“If it comes out like this, I would just be a hard ‘no’ on the floor,” Sen. Blaise Ingoglia, R-Spring Hill, told his fellow members of the panel.
Ingoglia also said the proposal could lead to executive pay higher than the current $251,414 a year of state Supreme Court justices. Under the House proposal, the governor’s pay would be at least even with Supreme Court justices.
DeSantis reported receiving $141,400 in 2022 as part of his annual financial-disclosure report released last June.
Under the bill, the lieutenant governor, attorney general, agriculture commissioner and state chief financial officer would see their salaries set at 95 percent of the governor’s annual pay. District court of appeal judges would be paid at least 90 percent of the Supreme Court salary rate, with circuit-judge pay set at least 80 percent and county-judge pay at least 75 percent.
Meanwhile Thursday, some senators said the House proposal should include a study of the pay of lawmakers, who get paid about $30,000 a year and per-diem amounts, with relatively little change since 2010.
“I believe that there’s a study by that says the persistently low salaries of state legislators often discourages citizens from serving in public office, especially as lawmakers face heavier workloads and greater demands on their time,” said Sen. Bobby Powell, a West Palm Beach Democrat who is leaving the Senate this year and is running for a Palm Beach County Commission seat.


DeSantis on Thursday supported a House proposal that he said is designed to limit “bad-faith objections” to school-library books and instructional materials.
The issue of school-book scrutiny has been a political battleground in Florida in recent years. The Legislature and DeSantis since 2022 have approved measures that eased the process for people to object to books and other materials.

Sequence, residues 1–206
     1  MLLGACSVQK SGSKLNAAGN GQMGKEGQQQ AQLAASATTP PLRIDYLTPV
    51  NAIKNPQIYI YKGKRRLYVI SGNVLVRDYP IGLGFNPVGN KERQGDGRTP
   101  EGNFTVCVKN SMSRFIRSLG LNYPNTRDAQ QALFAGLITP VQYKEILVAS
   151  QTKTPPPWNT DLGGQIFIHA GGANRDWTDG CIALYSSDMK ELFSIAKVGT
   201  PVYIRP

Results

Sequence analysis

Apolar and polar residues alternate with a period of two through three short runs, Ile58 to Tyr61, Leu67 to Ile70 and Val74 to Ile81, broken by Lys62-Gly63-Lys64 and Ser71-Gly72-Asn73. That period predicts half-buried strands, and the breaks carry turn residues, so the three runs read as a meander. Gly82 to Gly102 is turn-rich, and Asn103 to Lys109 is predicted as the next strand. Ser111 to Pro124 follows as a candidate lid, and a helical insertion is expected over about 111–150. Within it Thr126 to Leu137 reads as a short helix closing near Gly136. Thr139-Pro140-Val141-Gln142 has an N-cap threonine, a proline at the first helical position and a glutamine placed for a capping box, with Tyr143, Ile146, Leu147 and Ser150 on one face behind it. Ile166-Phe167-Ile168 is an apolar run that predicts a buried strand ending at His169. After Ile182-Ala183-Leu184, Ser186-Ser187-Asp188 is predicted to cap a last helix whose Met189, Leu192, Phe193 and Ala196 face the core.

A House bill (HB 7025) includes imposing $100 “processing” fees for unsuccessful book objections. The proposed fees would apply to people who do “not have a student enrolled in the school where the material is located” and have “unsuccessfully objected to five materials during the calendar year.”
The governor also appeared to endorse the part of the bill that would exempt from the potential fees parents of students in schools where books face objections.
“If you have a kid in school, OK. But if you’re somebody who doesn’t have a kid in schools and you’re going to object to 100 books — no, I don’t think that that’s appropriate,” DeSantis said.
The bill, which also deals with other education issues, is positioned to go before the full House after getting approval from three panels.

STORY OF THE WEEK: The Florida Senate on Thursday revamped a bill aimed at keeping children under age 16 off social media, as a debate continued about the proposal’s constitutionality and whether it would infringe on parental rights.

QUOTE OF THE WEEK: “I’ve watched everybody else get an increase, and I was happy for them. But at some point, my gas goes up too. My light bill went up. My water went up. My insurance on my house went up. The cost to be a legislator outweighs, at some point, it outweighs the benefit.” — Sen. Bobby Powell, D-West Palm Beach, on state lawmakers’ $30,000 annual salary.